Think of a number, square it and subtract your starting number. Is the number you’re left with odd or even? How do the images help to explain this?

This article introduces the idea of generic proof for younger children and illustrates how one example can offer a proof of a general result through unpacking its underlying structure.

Can you find a way of counting the spheres in these arrangements?

Square numbers can be represented as the sum of consecutive odd numbers. What is the sum of 1 + 3 + ..... + 149 + 151 + 153?

Choose a couple of the sequences. Try to picture how to make the next, and the next, and the next... Can you describe your reasoning?

How many moves does it take to swap over some red and blue frogs? Do you have a method?

In each of the pictures the invitation is for you to: Count what you see. Identify how you think the pattern would continue.

The Tower of Hanoi is an ancient mathematical challenge. Working on the building blocks may help you to explain the patterns you notice.

How many different ways can I lay 10 paving slabs, each 2 foot by 1 foot, to make a path 2 foot wide and 10 foot long from my back door into my garden, without cutting any of the paving slabs?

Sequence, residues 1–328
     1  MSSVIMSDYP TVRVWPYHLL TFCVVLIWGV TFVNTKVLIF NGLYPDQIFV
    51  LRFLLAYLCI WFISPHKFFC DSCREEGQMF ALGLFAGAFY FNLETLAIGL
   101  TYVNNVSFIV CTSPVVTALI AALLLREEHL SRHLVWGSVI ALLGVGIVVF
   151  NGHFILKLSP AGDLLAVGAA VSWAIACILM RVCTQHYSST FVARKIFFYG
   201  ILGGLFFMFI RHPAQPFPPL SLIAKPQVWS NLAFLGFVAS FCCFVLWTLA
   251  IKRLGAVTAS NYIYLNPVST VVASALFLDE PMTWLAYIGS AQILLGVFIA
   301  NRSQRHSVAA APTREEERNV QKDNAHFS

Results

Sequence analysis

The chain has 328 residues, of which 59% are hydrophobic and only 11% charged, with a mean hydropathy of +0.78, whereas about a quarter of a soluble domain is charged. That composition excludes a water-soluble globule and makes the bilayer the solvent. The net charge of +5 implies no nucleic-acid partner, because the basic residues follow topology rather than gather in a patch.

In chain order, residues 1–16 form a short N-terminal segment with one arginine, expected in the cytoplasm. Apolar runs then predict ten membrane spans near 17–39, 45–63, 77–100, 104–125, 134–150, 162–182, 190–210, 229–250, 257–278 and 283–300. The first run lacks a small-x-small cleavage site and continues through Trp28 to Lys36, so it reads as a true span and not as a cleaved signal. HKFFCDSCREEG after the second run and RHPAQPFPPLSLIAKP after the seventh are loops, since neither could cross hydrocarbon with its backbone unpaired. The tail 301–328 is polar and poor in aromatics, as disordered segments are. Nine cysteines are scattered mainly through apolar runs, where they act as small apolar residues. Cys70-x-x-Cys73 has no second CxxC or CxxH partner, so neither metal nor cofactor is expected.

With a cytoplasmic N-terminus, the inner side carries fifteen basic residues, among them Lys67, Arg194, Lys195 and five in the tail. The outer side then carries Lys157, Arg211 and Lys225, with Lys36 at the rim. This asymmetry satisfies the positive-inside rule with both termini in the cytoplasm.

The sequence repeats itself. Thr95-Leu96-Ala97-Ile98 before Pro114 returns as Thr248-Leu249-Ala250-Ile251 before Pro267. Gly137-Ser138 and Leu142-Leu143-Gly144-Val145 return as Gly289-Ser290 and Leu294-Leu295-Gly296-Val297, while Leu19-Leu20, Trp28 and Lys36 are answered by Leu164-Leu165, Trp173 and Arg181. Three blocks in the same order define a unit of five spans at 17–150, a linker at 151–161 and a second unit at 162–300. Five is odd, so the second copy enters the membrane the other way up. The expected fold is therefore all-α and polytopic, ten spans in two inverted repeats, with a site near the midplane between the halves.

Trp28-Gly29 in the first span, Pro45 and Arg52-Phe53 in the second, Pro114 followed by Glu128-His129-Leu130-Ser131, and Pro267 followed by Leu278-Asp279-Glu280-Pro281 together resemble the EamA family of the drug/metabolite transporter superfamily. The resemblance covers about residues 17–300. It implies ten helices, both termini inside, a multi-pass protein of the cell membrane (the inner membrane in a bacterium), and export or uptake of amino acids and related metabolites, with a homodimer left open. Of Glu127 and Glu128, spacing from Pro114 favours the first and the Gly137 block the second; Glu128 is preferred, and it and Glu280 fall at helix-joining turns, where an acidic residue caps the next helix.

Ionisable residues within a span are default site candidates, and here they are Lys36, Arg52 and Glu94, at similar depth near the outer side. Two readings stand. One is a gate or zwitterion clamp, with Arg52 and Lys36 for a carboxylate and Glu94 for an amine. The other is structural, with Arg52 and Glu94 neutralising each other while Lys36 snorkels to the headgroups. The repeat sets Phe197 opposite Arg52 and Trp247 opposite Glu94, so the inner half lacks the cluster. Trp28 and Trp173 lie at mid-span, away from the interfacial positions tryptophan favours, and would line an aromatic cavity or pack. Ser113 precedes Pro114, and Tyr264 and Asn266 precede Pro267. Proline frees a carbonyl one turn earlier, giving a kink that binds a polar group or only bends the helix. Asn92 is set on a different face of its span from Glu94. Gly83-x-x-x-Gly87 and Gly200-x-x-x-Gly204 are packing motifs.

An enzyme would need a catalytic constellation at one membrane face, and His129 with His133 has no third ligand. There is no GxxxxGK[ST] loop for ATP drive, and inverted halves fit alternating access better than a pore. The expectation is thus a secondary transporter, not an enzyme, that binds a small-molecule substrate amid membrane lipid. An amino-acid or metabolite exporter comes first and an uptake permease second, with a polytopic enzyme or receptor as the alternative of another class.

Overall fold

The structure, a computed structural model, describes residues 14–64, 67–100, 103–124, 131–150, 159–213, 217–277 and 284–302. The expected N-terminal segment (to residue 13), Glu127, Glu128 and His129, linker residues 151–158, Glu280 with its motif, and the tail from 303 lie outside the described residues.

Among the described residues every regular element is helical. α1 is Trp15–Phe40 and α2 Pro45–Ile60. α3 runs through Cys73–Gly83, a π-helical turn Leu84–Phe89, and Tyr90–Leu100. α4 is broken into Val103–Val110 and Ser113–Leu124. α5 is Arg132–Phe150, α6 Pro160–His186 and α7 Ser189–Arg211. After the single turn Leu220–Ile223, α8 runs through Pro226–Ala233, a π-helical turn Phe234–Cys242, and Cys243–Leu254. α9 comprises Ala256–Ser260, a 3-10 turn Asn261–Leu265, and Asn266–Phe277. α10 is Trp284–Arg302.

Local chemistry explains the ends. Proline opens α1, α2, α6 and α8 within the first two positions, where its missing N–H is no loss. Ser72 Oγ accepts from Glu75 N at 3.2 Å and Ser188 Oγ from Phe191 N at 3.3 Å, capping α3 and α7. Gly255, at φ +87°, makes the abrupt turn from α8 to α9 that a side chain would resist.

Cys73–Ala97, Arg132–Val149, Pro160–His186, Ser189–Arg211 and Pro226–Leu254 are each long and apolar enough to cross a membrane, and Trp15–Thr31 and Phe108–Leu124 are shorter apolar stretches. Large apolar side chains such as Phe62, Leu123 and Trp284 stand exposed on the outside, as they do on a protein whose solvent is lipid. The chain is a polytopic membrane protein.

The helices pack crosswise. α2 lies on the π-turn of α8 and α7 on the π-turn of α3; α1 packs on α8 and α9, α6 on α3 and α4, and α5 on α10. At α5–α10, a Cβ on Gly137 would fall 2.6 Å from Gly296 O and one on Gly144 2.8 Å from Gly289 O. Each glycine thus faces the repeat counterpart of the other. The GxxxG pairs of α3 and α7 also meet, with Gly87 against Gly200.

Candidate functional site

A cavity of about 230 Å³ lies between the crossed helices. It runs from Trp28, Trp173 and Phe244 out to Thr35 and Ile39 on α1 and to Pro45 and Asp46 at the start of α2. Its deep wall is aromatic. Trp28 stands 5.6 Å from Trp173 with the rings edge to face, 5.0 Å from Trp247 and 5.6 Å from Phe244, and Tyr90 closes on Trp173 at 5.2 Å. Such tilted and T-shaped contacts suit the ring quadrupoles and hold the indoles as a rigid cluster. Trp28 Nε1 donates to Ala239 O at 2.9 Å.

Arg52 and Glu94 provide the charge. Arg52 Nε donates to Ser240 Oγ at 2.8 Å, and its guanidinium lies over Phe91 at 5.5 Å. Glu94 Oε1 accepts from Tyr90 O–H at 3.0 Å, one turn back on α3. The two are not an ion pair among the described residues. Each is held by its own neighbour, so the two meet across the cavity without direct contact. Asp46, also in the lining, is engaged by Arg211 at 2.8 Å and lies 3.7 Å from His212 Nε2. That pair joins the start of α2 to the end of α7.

We start with one yellow cube and build around it to make a 3x3x3 cube with red cubes. Then we build around that red cube with blue cubes and so on. How many cubes of each colour have we used?

Mathematics is the study of patterns. Studying pattern is an opportunity to observe, hypothesise, experiment, discover and create.

Watch these videos to see how Phoebe, Alice and Luke chose to draw 7 squares. How would they draw 100?

Can you dissect a square into: 4, 7, 10, 13... other squares? 6, 9, 12, 15... other squares? 8, 11, 14... other squares?

If you can copy a network without lifting your pen off the paper and without drawing any line twice, then it is traversable. Decide which of these diagrams are traversable.

Rectangles are considered different if they vary in size or have different locations. How many different rectangles can be drawn on a chessboard?

Place the numbers 1, 2, 3,..., 9 one on each square of a 3 by 3 grid so that all the rows and columns add up to a prime number. How many different solutions can you find?